Several authors, in accordance with our results, report the effect of storage temperature on egg powder fatty acids composition. Deslypere et al.  results also conclude that storage at lower temperatures for several months yielded no perceptible changes in n-3 PUFAs of fat tissue aspirates which is compatible with our results. This study showed that PUFAs loses increases with storage which is in accordance with observation of Terao et al.  that egg lipids underwent high oxidation during spray-drying; moreover, they observed that this oxidation significantly increases during storage (1 and 3 months). Furthermore, several previous research studies described monounsaturated fatty acid and PUFAs losses during extensive heat processing [26,27,28]. In addition, some studies have been focused only on n-3 PUFAs losses because of their high nutritional relevance .
In the case of DEDP, the loss of essential fatty acids was already predicted because the PUFAS content were high in DEDP samples and the heat treatment applied was severe. The thermal effects could be clearly observed at high outlet air temperatures, in accordance with other published reports. With increase of temperature, retention of PUFAs decreases and browning of powder increased, but lower temperature cause retention of moisture and low-quality powder with increased drying time [30, 31]. High temperature treatment causes protein denaturation and modifies lipoprotein structure. This change leads to decreased oxidative stability of egg lipids . Higher temperature conditions in spray dryer causes higher losses of omega-6 and omega-3 PUFAs and also less favorable to omega-6/omega-3 and PUFA/SFA ratios. Mostly C20:4n-6 and C22:6n-3 PUFAs are destroyed at high temperature .
The safety and quality of powdered eggs depend on at least two critical steps as the drying process itself and the storage conditions such as length and temperature. The drying process uses high temperatures that can accelerate reactions between lipids and molecular oxygen, resulting in losses of nutritional and sensory properties of egg products. At the same time, there is an increasing interest on the consumption of food that have a higher content of omega-3 PUFAs than conventional foods. However, this increase in the unsaturation of fatty acid can lead to an increase of lipid oxidation, especially during the drying process or the storage.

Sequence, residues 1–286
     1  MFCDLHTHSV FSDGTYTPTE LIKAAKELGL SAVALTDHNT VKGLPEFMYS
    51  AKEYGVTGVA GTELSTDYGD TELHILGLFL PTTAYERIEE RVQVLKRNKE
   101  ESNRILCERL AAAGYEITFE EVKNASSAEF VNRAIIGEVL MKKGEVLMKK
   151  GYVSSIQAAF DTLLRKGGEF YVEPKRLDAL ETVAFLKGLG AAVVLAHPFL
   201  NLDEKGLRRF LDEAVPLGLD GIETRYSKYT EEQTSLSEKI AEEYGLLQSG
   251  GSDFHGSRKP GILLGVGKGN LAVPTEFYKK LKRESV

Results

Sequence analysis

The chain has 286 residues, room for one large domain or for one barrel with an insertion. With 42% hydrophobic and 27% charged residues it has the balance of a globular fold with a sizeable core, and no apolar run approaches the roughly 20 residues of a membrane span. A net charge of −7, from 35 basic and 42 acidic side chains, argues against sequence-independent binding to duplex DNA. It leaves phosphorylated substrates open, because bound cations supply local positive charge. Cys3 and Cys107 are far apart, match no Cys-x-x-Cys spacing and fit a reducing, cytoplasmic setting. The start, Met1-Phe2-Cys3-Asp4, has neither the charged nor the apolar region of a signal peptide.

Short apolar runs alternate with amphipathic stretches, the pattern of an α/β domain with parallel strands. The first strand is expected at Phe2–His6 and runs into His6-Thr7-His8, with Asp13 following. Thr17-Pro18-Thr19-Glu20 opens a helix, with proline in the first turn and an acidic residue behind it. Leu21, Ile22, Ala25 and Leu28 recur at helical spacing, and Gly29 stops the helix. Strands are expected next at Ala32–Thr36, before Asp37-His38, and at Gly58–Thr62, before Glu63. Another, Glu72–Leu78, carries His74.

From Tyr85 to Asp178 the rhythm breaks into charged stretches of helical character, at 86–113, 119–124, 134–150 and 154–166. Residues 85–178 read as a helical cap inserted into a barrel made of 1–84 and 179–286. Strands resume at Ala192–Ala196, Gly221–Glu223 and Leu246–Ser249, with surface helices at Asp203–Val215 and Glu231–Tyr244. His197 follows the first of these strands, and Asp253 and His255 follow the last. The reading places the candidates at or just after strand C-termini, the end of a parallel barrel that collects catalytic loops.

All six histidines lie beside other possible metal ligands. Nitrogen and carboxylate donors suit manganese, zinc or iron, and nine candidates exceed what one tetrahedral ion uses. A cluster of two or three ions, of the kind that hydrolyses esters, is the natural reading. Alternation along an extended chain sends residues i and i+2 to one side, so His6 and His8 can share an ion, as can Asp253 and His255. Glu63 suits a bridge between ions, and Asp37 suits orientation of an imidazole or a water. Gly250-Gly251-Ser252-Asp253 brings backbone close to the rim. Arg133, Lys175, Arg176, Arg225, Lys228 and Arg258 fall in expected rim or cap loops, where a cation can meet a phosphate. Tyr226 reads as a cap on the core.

Unsaturated fatty acid losses have been widely reported as an indicator of lipid oxidation. As a rule, in foods, susceptibility to oxidation of phospholipids increases with the unsaturation . The spray-dried eggs are highly oxidized and very susceptible to oxidation in comparison with raw eggs . This fact is related to the structure of phospholipids in the raw yolk that protect against oxidation. Phospholipids are interwoven in the exterior structure of low-density lipoprotein and this compact surface prevents the contact of oxygen with the lipid core of the particle .
Egg powder was produced under high temperature scales, which led to many changes in egg components, resulting in lower retention of PUFAs in DEDP samples during storage. Food industries of using spray dried omega food materials are facing the problem of oxidation as these possessed unstable PUFAs during processing and storage. Several appropriate methods have been applied to reduce or prevent lipid oxidation of spray dried powders in order to improve final functional food quality. The most commonly used method is the addition of antioxidants. A combination of antioxidants with inert gas packaging can strongly stabilize the spray dried omega food products. Major finding supports that spray drying of whole egg at moderate conditions of air inlet temperature, feed flow rate, atomization speed and outlet air temperature resulted in a product that enhanced considerably the retention of PUFAs and good quality powder that could further be used for development of functional food products. Thereby, it could be concluded that slight lipid oxidation mostly occurs during spray-drying but this oxidation rate may be enhanced during storage. So, care should be taken during storage of DEDP samples.